In 2004 two deeply flawed candidates, Republican George Bush and Democrat John Kerry fought a difficult and dirty campaign for the very few independent voters who hadn't already decided for whom to vote. Bush, hobbled by the Iraq War and unable to defend himself faced John Kerry, a rich, vain liberal who tried to portray himself as a Catholic Vietnam veteran who was a solid alternative to the bumbling Bush. In the end, Kerry's disconnected demeanor and his questionable record in Vietnam helped to sink him in a very close election that came down to 118,000 votes in Ohio. Bush's highly organized campaign was able to eke out a victory in which only three states switched from one party to another from 2000 to 2004. It was as if two men playing poker had a pair of sixes and the only reason Bush happened to win was that he had an Ace when Kerry had a Jack.
Had Bush not been tripped up in Iraq he probably would have won going away but he was lucky to draw such a weak challenger in Kerry-a lazy, disinterested Senator who in twenty years in the Senate never authored a major bill or had a leadership position in the Upper Chamber. The Democratic party's hatred of Bush over the outcome of the 2000 election combined with the decision to intervene in Iraq dominated their primary season and they could not wait to face a President they considered stupid and politically weak. Losing in November 2004 came as a real shock to many liberals who simply assumed that a majority of voters believed as they did. Bush's approval rating hovered right around 50% on Election Day 2004 and it translated to 51% of the vote-just enough to win.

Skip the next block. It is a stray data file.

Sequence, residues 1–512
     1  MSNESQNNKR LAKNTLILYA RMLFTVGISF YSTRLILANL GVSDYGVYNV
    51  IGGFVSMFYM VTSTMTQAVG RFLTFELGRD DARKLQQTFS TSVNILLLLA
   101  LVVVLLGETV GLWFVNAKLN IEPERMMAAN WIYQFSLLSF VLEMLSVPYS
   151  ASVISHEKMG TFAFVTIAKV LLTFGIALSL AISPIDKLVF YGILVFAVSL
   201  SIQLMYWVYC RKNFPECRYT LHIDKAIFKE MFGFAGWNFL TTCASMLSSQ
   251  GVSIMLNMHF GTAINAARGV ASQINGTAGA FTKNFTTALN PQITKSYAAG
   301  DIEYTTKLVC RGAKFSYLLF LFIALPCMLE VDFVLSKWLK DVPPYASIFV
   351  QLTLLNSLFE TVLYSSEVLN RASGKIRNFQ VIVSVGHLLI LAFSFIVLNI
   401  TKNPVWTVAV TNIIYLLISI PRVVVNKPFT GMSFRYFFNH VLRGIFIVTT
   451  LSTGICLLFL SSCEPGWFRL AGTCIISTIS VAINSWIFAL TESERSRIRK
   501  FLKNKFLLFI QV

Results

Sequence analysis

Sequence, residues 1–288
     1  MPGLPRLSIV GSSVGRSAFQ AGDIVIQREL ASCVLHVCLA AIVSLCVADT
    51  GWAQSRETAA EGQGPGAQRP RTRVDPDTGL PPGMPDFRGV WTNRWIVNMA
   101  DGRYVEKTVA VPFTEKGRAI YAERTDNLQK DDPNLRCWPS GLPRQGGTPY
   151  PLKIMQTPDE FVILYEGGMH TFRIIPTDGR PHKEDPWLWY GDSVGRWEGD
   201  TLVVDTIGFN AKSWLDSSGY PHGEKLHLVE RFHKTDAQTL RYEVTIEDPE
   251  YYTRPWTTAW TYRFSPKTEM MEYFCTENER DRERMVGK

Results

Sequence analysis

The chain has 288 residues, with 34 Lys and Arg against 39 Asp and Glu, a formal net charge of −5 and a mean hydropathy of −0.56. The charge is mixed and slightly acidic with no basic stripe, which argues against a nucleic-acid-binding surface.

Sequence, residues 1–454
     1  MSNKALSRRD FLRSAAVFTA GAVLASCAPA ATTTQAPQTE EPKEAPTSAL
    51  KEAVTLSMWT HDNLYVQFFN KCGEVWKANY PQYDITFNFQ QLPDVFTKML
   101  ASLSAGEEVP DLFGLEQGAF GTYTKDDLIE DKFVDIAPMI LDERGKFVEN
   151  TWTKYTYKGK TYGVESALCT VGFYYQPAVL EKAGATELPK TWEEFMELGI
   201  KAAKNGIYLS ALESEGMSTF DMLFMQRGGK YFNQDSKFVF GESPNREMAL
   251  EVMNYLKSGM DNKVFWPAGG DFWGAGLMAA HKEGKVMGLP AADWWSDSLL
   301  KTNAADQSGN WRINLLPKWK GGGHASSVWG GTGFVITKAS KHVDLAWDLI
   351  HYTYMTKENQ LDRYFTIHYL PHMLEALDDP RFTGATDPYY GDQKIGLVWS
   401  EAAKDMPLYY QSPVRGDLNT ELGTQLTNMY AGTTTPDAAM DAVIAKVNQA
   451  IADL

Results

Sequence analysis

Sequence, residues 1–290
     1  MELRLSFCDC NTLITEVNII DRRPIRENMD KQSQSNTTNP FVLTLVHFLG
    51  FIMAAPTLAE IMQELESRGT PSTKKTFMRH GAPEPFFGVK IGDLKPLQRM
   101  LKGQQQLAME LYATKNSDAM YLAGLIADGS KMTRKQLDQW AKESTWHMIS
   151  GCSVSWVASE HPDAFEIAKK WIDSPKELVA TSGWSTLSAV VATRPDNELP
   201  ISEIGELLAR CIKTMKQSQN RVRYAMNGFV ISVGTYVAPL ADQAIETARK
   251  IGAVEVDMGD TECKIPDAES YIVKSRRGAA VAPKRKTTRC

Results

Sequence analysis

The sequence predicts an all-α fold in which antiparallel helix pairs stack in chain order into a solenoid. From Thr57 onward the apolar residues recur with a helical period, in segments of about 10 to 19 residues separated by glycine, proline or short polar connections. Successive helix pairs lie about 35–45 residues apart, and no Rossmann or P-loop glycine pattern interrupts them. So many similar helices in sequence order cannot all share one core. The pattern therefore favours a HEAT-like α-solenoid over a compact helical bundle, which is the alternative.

In 2012 I believe a similar narrative is taking place but in the opposite direction. President Obama, a classic liberal is abhorred by the rank-and-file GOP who can't wait to throw him out in November and they can't understand why most people wouldn't agree with them. If the GOP could nominate a strong, energetic conservative the party's base could gather around the nominee and prepare for battle in the fall election. The problem for Republicans is that the probable GOP nominee will be Mitt Romney, a rich, disconnected politician from Massachusetts that 2/3 of conservatives have not supported to this point in the primary season. He's got the worst favorability rating of any major candidate in a national election of modern times. In short, he looks like the guy who sold you that lemon of a car that even now sits in your parking lot. He's basically tied with the President in national polls of likely voters and could win. I'll be curious to see if he picks a solid VP that would help him not only secure his base but make him more attractive national candidate. He may win, he may lose, but he's tragically flawed. I'll get into this more in the near future but we'll get to sit back and watch a President who can't run on his record drag the former Massachusetts governor through the mud in what will probably be one of the ugliest campaigns in American electoral history.